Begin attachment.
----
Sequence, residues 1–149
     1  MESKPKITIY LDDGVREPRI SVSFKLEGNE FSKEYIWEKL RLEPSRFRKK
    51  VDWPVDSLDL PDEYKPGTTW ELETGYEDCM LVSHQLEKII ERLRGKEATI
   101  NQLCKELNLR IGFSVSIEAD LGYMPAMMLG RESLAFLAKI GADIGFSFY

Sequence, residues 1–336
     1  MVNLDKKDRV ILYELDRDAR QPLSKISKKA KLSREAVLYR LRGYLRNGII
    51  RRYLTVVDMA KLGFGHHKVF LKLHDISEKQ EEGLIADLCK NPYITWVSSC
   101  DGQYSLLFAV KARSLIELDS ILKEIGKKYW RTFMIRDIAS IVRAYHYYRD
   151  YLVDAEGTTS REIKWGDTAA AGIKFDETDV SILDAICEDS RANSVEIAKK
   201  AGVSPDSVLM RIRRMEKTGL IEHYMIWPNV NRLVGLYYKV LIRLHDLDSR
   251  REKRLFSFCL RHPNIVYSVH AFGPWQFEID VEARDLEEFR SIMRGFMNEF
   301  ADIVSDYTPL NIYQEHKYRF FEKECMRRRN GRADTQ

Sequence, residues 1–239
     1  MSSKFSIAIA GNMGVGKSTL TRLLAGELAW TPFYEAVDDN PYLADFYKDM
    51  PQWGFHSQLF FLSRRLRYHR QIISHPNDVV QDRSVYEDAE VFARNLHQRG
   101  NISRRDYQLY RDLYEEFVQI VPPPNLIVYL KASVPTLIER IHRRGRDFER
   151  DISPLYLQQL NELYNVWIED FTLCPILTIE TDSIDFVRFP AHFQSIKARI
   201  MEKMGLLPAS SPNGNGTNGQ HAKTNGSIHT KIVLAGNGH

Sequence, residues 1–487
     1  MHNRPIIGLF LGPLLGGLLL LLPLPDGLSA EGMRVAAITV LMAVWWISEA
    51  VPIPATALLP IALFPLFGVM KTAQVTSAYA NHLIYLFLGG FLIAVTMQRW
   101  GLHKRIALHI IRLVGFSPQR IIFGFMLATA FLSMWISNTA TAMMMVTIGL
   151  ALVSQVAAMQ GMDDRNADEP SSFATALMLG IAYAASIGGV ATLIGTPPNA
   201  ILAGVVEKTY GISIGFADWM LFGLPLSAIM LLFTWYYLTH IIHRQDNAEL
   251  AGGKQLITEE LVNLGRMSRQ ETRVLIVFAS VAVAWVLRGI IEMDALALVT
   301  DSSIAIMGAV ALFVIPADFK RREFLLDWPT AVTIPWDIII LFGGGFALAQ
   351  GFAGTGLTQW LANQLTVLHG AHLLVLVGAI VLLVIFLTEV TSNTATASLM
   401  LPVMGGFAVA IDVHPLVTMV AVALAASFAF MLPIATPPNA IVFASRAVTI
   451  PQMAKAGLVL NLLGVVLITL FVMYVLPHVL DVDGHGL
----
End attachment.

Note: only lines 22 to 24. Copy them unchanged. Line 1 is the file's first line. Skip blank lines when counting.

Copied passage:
   101  GLHKRIALHI IRLVGFSPQR IIFGFMLATA FLSMWISNTA TAMMMVTIGL
   151  ALVSQVAAMQ GMDDRNADEP SSFATALMLG IAYAASIGGV ATLIGTPPNA
   201  ILAGVVEKTY GISIGFADWM LFGLPLSAIM LLFTWYYLTH IIHRQDNAEL